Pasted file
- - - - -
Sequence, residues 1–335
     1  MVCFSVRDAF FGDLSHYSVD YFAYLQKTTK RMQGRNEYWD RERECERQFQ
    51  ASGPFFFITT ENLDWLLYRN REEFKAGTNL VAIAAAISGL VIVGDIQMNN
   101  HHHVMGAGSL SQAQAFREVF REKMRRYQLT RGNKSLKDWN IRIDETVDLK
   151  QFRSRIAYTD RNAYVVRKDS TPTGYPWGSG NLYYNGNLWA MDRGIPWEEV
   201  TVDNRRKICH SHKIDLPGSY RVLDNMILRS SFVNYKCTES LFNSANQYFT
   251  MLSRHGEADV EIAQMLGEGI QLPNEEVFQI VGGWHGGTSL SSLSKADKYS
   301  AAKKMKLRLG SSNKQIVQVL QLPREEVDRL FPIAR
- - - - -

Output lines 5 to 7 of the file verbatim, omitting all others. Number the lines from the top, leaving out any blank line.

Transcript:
   151  QFRSRIAYTD RNAYVVRKDS TPTGYPWGSG NLYYNGNLWA MDRGIPWEEV
   201  TVDNRRKICH SHKIDLPGSY RVLDNMILRS SFVNYKCTES LFNSANQYFT
   251  MLSRHGEADV EIAQMLGEGI QLPNEEVFQI VGGWHGGTSL SSLSKADKYS